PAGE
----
1st to 4 November 2018

BADU 2018 MISSION – PACIFIC

A meeting between two worlds

As part of the Monaco Explorations, H.S.H. Prince Albert II of Monaco visited Badu island in the Torres Strait, between Australia and Papua New Guinea, and met the Badulgal people, a community living with and from the Ocean, which cares about the Ocean and is concerned about the pressures that threaten this symbiosis.

The course of the mission

H.S.H. the Sovereign Prince was the first Chief of State to visit the island. Accompanied, in particular, by Robert Calcagno, Director general of the Oceanographic Institute, the Prince shared a few days in immersion with the Badulgal people, in order to apprehend the foundations of a culture based on a perception of the world very different from our own.

A long friendship

The visit of the Sovereign Prince responded to the invitation of Alick Tipoti, a committed Badulgal artist. In 2016, at the Taba Naba exhibition, he had created an exceptional work of more than 600m2 for the roof of the Monaco Oceanographic Museum and had displayed a life-sized Dugong bronze.

Alick Tipoti: an internationally recognised artist

Through his art, exhibited in the world’s greatest museums, Alick Tipoti tells how oral culture, music, dance and visual arts permeate each other to provide us with fundamental knowledge on the marine environment, which is essential to the survival of the peoples.

Girelal, which is regarded as the largest linocut in the world, is presented as part of the Badu Island exhibition. The work’s subject is the cultural link between the indigenous people and their spiritual ancestors, the Muruygal. It is made up of traditional Melanesian Zenadh-Kes drawings.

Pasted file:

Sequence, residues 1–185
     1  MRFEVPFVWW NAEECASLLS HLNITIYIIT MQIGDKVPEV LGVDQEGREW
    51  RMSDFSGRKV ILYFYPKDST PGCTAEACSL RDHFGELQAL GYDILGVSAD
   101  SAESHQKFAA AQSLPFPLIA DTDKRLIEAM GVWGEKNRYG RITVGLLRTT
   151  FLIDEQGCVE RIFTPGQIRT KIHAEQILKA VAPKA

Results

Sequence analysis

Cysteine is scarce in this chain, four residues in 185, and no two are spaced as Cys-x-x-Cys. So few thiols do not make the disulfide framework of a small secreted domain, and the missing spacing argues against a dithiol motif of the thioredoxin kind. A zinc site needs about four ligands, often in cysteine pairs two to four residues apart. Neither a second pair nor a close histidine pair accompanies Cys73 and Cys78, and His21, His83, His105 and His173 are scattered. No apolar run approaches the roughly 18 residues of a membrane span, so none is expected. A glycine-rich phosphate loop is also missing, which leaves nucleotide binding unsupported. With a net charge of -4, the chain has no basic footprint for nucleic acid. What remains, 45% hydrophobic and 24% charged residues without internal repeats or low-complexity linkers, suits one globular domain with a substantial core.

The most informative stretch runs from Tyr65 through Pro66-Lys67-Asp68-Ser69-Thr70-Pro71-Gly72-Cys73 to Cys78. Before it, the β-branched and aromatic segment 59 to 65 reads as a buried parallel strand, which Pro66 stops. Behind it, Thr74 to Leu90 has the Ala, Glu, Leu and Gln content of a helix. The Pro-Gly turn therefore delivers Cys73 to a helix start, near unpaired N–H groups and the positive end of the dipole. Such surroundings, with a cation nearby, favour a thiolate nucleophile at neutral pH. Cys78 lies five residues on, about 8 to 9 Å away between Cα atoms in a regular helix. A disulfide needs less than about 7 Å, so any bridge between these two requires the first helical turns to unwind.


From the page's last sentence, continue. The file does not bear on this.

Girelal linocut work, Alick Tipoti © M. Dagnino. Oceanographic Institute

Zugub

Alick Tipoti bears the traditional name Zugub, which enables him to relate to the spirits of his ancestors, the Zugubal. “When I work late at night carving traditional designs, I can sense the presence of the spirits whom I recognize and verbally thank for their guidance in visualising the words they have given me”. 

Another vision of the Ocean

The interdependance between the Badulgal community and its environment (nature supports them and they try to protect it in return), the way they exploit the resources, their knowledge and their practice of the marine world are sources of inspiration for our modern and western societies, as well as for the message delivered by H.S.H. the Sovereign Prince to promote the sustainable management and protection of the Ocean.

The Torres Strait Islands

Located 14 000 km from the Principality of Monaco, at the junction of the Coral Sea and the Arafura Sea between Australia and Papua New Guinea, Badu Island is part of the Torres Strait Islands which have a population estimated at seven thousand inhabitants distributed on fourteen islands. They are the main indigenous population of Australia. Their history is distinguished from that of the Aborigines in particular by their strong ethnic and cultural ties with the neighbouring Melanesian peoples. Known as the ‘People of the sea’ , their daily life is governed by a strong interaction with the marine world. The marine diversity surrounding them, including animals such as dugongs, marine turtles and sharks, governs their traditions and know-how and determines their survival.